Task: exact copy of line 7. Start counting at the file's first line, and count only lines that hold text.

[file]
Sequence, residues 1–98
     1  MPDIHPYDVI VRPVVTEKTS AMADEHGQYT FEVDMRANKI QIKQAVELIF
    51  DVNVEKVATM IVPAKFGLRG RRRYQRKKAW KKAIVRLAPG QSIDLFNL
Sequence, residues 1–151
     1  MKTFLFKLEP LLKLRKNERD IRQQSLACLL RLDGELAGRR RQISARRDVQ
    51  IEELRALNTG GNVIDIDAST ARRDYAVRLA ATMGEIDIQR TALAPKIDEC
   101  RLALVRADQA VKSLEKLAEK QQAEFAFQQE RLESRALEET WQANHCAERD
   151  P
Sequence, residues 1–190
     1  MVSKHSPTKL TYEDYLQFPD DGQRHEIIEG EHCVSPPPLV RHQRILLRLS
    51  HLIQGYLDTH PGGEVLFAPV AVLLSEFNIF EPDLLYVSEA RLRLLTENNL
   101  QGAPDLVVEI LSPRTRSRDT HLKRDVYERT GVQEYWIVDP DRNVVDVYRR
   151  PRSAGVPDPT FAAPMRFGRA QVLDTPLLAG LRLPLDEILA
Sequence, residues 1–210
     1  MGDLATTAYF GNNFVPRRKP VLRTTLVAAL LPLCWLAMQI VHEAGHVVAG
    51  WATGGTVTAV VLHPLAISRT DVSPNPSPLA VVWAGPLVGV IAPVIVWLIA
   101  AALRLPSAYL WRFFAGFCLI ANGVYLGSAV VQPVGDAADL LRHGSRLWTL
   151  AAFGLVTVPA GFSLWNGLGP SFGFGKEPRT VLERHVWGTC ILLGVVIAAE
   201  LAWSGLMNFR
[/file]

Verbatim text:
   101  RLALVRADQA VKSLEKLAEK QQAEFAFQQE RLESRALEET WQANHCAERD